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With the 2012 U.S. election campaign now highlighting truth vs falsehood, perhaps this may become a focus in Australia in 2013, writes Alan Austin.
U.S. vice-presidential candidate Paul Ryan: failed by the fact checkers.


THE MEDIA in the United States has responded with astonishing unanimity to last week’s bizarre speech by Republican vice-presidential candidate Paul Ryan. Even Fox News – cheer squad for the Republican Party – has a headline “Paul Ryan’s speech in 3 words”.

The three words, claims the article, are ‘dazzling’, ‘deceiving’ and ‘distracting’.

Influential website Politiscoop then observed:
“The bottom line is this: When Fox News fact checks you and calls you out for being a liar, then yes, your attempt at winning over America was an epic fail.”



This has brought into high relief the split in the United States evident in Australia for some time — between those in public life who are regarded as truthful and those who are not.

Could this be the new political divide? Could this replace the old conservative versus reformist? Left versus right? Capitalist versus socialist?

Certainly left and right no longer have the meaning they once had. Malcolm Fraser was characterised as a right-wing extremist when he assumed power as Prime Minister of Australia in historic circumstances in 1975. He is now a doyen of the left with his outspoken criticisms today’s conservatism – on both sides of the Parliament – on Indigenous affairs, refugees and overseas aid. Actually, Fraser has actually not changed his position much at all.



In the US, recent Democratic presidents Bill Clinton and Barack Obama have arguably been to the right of earlier Republicans, such as Dwight D. Eisenhower and Gerald Ford.

Would it be a positive move in public life if truth versus falsehood did replace the old dichotomies?

A case can certainly be made that civic life is the poorer for having people in positions of power who routinely dissemble and lie. Especially when bolstered by influential media which repeat and amplify the fabrications.

The specific lies told by vice-presidential candidate Ryan in his speech at the Republican convention in Florida are listed in The Washington Post in the column headed “Paul Ryan’s breathtakingly dishonest speech”.



These follow claims that Republican presidential nominee Mitt Romney is himself routinely economical with the truth. Alternative news outlet Mother Jones highlighted this with the article “Mitt Romney sure does lie a lot, doesn't he?”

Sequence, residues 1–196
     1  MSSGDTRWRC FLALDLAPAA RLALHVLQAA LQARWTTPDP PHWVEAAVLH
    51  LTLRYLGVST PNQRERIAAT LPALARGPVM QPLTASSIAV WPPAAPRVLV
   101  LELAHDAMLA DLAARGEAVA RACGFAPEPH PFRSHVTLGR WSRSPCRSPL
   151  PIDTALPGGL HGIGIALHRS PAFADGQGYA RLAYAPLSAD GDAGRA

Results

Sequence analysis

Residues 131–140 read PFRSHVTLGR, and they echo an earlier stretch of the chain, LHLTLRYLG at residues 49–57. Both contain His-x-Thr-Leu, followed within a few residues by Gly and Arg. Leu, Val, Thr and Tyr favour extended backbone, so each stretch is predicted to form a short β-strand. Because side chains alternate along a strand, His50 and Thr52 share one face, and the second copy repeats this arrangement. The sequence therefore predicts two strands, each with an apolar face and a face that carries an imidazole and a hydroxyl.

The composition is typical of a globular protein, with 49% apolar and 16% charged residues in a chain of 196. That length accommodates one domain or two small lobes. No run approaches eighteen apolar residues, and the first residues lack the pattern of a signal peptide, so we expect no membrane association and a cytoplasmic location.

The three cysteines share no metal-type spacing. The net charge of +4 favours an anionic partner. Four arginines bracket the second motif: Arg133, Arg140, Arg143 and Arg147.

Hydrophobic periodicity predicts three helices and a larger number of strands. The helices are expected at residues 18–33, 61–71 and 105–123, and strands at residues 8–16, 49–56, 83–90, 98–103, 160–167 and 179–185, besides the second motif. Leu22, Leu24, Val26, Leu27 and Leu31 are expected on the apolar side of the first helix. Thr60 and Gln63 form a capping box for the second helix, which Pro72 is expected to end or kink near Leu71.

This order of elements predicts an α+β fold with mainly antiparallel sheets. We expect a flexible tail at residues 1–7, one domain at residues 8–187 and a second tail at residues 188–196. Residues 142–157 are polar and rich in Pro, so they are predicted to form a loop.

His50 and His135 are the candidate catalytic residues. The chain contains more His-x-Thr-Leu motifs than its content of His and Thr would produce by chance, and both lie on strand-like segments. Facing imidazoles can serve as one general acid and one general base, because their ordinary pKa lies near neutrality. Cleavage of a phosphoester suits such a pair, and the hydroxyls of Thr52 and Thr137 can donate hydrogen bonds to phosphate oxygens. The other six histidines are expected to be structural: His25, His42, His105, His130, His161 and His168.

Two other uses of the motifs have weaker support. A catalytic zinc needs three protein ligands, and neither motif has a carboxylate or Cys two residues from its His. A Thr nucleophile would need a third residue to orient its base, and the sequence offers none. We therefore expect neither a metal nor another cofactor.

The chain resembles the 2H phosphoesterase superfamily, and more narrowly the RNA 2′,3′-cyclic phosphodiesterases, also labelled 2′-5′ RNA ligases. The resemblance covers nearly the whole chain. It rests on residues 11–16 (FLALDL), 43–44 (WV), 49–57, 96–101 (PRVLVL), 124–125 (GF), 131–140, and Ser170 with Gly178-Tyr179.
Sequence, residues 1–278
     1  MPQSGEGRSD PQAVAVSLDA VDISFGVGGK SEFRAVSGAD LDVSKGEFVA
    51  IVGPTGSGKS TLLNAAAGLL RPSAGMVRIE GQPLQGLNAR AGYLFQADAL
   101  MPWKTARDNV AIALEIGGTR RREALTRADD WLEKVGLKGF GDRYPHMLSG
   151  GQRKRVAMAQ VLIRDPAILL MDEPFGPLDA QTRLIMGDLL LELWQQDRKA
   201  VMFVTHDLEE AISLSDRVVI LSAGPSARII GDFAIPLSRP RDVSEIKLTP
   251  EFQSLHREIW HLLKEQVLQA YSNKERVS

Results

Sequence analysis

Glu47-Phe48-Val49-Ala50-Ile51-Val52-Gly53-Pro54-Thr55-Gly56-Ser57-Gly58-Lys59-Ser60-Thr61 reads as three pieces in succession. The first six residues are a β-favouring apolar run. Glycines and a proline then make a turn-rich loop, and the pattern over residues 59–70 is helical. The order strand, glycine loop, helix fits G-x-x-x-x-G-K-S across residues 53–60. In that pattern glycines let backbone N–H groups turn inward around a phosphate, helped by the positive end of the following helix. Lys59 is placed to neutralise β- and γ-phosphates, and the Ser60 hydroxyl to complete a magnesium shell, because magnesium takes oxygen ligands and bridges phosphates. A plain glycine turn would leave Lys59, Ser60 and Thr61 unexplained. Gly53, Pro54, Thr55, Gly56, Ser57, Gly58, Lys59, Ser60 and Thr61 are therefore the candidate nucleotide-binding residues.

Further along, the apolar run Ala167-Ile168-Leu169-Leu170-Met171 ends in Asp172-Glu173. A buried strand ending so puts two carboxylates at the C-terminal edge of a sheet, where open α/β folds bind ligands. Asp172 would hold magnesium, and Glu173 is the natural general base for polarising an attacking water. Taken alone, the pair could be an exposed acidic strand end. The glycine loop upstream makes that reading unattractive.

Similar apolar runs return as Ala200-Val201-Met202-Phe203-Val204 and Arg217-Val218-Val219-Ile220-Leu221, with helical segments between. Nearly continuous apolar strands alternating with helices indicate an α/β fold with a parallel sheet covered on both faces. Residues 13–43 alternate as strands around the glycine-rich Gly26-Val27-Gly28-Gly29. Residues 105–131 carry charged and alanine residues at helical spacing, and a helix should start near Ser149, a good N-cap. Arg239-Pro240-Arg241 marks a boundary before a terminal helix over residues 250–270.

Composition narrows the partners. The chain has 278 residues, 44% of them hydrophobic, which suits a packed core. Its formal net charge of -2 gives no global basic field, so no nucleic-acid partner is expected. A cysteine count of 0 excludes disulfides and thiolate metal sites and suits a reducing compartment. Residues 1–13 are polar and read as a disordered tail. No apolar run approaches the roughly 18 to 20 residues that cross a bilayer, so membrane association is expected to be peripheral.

Incumbent President Barack Obama, in contrast, is generally depicted as a politician who tells the truth. Will this distinction between the two sides be a factor with the voters in November? Time will tell.

The difference in the way the two sides are characterised on this issue in the US is challenging the old cliché “all politicians lie”.

Certainly, Australia can boast many prominent leaders who have been widely respected for their truthfulness. Can anyone recall a direct lie from John Hewson, Tim Fischer, John Anderson, Simon Crean, Brendan Nelson, Malcolm Turnbull, Bob Brown, Kevin Rudd or Warren Truss — to name just nine past or present party leaders?



Yes, perhaps a few changes of position and unfulfilled promises from some of them — but not direct lies.

Of course, Australia has its offenders as well. It was a Senator from his own side who labelled former Prime Minister John Howard “the Lying Rodent”. This followed a period when several assertions from the then PM were shown not to have been truthful.

The current Prime Minister Julia Gillard has been characterised in social networks and some sections of the mainstream media as “Ju-liar”.

This seems to be based primarily on a broken promise made in the run-up to the 2010 election:



“There will be no carbon tax under a government I lead …”

Whether or not there are excuses for this based on the election outcome – which did not deliver a Labor majority – is a hotly-contested debate.

The Opposition Leader has his own struggles in this area, as are now well-documented. In 2008, he appears to have lied point blank to ABC Lateline’s Tony Jones in response to a question about a meeting with Cardinal George Pell.



Later, he changed his own position on carbon emissions from what was once clearly in favour of “a simple carbon tax”:

Why?

Mr Abbott’s struggles with the truth were discussed at some length in a memorable interview with Kerrie O’Brien in May 2010:



Yet they have continued. Just last week, veteran journalist Laurie Oakes in the Herald Sun commenced his column with the withering opener: “Let's not beat about the bush. Tony Abbott tells lies.

Will this pattern harm the electoral appeal of the Opposition Leader? Will it impact his appeal as party leader to his parliamentary party colleagues? Will the perception that the Prime Minister has lied to the electorate cost her and her party the next election?

With the 2012 election in the US now highlighting truth vs falsehood, perhaps this may be a focus in Australia in 2013. We shall soon see.

 

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